production prices for individual commodities. Our experience thus tells us
that none of the known methods makes it possible to calculate individual
prices exactly and sufficiently fast."

Going back to Kyn - Hejl - Sekerka research project of early 60's it did
involve experimental computer calculations of the labor-value prices, but
also the so called 'cost prices', 'prices of production', 'income prices'
and the sets of two channel and three channel prices. One of the purposes
was to compare these theoretical types to actual prices that were created by
government price fixing. These computations were based on the Input-Output
tables alternatively with 48 and 90 sectors and therefore did not -- and
were not intended to -- prove the feasibility of calculations of labor
values for millions of individual products and even less the desirability of
using them as a tool of central planning in the Socialist economy. Actually,
one of the results of our research was the demonstration that the
labor-value prices recommended by some orthodox Marxists were not
appropriate at all.
The much larger task of calculating 25 000 prices was not any more part of
our research project but was used by the Central Planning Office for the
reform of wholesale prices in 1967. However, the price formula used in the
price reform calculation was a special kind o two-channel prices and not
labor-value prices. Clearly those 25 000 calculated "prices", were just
average price indexes of the relatively large groups of individual products.
Because computers were still not powerful enough at that time only six
iterations could have been made and the results were far from being perfect.
Because of that and also because of the distortion of data provided by
firms the calculated prices were not sufficiently close to the market
equilibrium and the whole price reform was considered a failure.
Here is another quote from my above mentioned paper "THE ROLE OF PRICES IN A
The group of Czechoslovak economists of whom the author is one postulates
the need for reform firstly by rejecting the assumption that planning is
incompatible with the price mechanism, and that socialism permits the
central regulation of production without recourse to the market mechanism.
This leads them to contend that central management is self-defeating, since
the information needed to eliminate all uncertainty in decision-making
becomes too costly and unwieldy. Any restriction of the amount of
information transmitted to the center increases the uncertainty of the
decision-making and hence the risk of adopting wrong decisions; the
absorption of a considerable part of the labour force in administrative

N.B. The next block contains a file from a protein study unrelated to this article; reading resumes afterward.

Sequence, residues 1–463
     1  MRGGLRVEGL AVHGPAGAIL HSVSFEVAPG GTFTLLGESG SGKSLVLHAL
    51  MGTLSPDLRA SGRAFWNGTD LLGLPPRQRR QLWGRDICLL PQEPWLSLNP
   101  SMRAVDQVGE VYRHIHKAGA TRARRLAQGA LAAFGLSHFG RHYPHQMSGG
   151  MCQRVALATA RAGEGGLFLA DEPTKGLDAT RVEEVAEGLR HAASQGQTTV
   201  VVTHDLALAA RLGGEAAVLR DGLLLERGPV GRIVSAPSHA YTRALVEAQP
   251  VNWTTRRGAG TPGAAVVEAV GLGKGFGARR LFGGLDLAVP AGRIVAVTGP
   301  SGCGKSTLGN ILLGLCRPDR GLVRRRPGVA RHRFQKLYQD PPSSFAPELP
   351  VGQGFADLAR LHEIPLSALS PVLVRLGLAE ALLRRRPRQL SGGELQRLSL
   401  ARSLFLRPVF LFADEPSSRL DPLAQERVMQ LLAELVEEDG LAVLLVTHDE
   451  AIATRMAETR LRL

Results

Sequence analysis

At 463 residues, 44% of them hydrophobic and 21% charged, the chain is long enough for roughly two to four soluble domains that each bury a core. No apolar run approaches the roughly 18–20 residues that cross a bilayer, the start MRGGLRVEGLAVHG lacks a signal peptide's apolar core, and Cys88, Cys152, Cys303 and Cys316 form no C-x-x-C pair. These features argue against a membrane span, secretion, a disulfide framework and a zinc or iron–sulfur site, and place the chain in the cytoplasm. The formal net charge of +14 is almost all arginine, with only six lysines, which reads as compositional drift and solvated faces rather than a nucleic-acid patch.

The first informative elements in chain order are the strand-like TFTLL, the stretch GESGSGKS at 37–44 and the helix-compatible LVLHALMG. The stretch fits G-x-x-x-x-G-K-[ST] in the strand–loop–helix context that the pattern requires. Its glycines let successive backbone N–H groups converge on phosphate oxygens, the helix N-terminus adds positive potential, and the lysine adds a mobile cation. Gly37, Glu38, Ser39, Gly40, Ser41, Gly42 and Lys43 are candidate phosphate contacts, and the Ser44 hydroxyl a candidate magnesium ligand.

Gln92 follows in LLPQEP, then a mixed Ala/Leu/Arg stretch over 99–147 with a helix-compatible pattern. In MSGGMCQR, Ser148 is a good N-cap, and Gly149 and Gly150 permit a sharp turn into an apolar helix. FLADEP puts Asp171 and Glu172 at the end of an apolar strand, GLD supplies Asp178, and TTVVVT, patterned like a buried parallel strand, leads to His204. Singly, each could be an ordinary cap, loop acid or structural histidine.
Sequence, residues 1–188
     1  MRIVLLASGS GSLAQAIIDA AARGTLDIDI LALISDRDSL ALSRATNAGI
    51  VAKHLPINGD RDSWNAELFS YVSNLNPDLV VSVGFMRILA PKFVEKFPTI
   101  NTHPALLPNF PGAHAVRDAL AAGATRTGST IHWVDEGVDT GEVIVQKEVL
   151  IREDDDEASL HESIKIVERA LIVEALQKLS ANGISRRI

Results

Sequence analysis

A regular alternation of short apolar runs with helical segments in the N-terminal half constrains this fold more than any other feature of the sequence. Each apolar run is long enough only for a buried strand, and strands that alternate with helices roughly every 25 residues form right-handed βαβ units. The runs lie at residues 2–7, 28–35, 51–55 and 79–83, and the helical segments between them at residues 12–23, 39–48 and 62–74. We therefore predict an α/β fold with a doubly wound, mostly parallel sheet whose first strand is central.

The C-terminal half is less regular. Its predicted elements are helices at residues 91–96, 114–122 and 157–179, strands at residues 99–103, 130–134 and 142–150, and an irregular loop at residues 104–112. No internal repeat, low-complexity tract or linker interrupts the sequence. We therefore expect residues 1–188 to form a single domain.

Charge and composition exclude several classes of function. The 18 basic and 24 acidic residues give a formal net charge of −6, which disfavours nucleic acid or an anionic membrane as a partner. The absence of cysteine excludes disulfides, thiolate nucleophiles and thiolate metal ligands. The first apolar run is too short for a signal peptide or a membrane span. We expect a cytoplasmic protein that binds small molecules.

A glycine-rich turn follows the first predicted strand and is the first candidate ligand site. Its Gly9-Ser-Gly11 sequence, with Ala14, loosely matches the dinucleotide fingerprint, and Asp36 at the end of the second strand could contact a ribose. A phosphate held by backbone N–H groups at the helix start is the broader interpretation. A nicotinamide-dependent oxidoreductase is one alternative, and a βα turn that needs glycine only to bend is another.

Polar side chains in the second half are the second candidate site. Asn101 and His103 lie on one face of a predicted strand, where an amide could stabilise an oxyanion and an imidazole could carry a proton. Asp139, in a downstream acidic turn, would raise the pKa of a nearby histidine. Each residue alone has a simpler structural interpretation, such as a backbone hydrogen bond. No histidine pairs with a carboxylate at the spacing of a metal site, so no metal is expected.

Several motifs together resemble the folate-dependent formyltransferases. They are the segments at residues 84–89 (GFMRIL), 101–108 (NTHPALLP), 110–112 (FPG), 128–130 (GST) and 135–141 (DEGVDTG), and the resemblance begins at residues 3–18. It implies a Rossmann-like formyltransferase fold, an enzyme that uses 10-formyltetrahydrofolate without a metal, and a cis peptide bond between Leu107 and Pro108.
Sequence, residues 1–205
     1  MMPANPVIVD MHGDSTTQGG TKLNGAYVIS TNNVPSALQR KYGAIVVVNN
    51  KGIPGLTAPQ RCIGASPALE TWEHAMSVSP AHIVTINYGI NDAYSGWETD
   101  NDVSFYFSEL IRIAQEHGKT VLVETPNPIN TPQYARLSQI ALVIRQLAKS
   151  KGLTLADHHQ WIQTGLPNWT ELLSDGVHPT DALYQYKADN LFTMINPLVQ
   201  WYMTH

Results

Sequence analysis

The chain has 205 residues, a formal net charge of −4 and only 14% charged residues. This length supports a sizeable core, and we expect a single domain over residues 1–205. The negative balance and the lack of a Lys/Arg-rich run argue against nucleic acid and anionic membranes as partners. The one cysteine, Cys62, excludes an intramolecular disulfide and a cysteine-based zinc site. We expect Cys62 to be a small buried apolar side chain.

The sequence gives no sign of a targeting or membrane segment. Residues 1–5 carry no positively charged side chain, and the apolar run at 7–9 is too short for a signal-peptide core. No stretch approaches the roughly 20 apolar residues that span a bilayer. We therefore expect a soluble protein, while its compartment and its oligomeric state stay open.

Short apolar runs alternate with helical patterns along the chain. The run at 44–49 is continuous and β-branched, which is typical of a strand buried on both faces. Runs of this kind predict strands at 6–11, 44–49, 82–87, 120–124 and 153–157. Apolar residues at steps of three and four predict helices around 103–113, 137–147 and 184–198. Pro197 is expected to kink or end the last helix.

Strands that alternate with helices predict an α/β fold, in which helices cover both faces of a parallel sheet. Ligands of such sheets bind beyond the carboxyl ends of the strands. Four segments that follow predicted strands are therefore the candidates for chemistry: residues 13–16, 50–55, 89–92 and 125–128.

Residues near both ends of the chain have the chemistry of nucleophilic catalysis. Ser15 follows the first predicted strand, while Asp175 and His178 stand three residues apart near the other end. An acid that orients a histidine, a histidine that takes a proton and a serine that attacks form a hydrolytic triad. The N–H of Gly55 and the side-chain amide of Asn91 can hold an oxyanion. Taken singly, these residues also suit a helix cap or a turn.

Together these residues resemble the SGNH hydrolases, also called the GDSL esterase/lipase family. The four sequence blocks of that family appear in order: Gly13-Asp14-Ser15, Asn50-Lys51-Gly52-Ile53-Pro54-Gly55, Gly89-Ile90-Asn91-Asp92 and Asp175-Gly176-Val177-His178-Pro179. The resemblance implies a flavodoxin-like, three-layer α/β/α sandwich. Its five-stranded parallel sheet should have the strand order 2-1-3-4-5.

service decreases overall efficiency. They therefore suggest that a market
mechanism automates in a coordinated manner a large part of these decisions;
in addition, the producer is stimulated to satisfy the demands of the
consumer. A market is thus prima facie desirable for the functioning of a
socialist economic system. This, however assumes that prices be freely
formed on the market and not set up by fiat....

Also I have myself made statements at several occasions - some of which
appeared in various publications - that the centrally administered price
reform was supposed to be the last case of fixing of all prices by the
government in Czechoslovakia before making the prices again free on the
 In "Problems and Prospects of Czechoslovakia's New Economic Model." By
Harry G. Shaffer (Published in Jan S. Prybyla: "Comparative Economic
Systems" ) on page 339 is the following footnote 34.
               "Freely fluctuating market prices have, unfortunately, not
been introduced yet," remarked Dr. Kyn to me. "Let us hope," he went on,
"that the price reform in 1968 will be the last step in dictating prices
from above."
The transition to the market economy was the most important feature of the
Czechoslovak economic reform of the second half of 1960's that lead to the
well-known Prague Spring of 1968 and then unfortunately to the Soviet
invasion that terminated it. The reason for the mentioned last central price
reform was to eliminate the main price distortions so that the freeing of
prices would not cause uncontrollable hyperinflation.
Jaroslav Krejci in his article "Measurement of Aggregate Efficiency in the
Czechoslovak Economy" ( Soviet Studies, Vol. 26, No. 4, Oct., 1974, pp.

                "The quest for a 'rational price formula' pursued by
Czechoslovak economists in the late sixties led to alternative
recalculations of prices for individual branches of production which in
turn showed the magnitude of 'economic irrationality' of the existing price
               "For the English papers on this topic see. L. Hejl, O. Kyn,
B. Sekerka, "Price Calculations", Czechoslovak Economic Papers 1967, no. 8;
and O. Kyn, B. Sekerka, L. Hejl, "A Model for the Planning of Prices" in
"Socialism, Capitalism and Economic Growth" (Cambridge 1967)
This was also mentioned by Abram Bergson in his Review of "Socialism,
Capitalism and Economic Growth. Edited by C. H. Feinstein, New York and
London: Cambridge University Press 1967. The Bergson's review was published
in the Journal of Economic Literature, Vol. 7, No. 1 (Mar., 1969) pp. 87-88:
                "Other contributors on planning include the young Czech
economist O. Kyn, who together with two collaborators explains a technique
of price formation, based on input-output analysis, that has been applied in
the Czech reform, and which is apparently intended to improve on a system of
prices which "became so deformed that it almost ceases to fulfill any
rational economic function."
As it was mentioned already above, the theory of labor-value has serious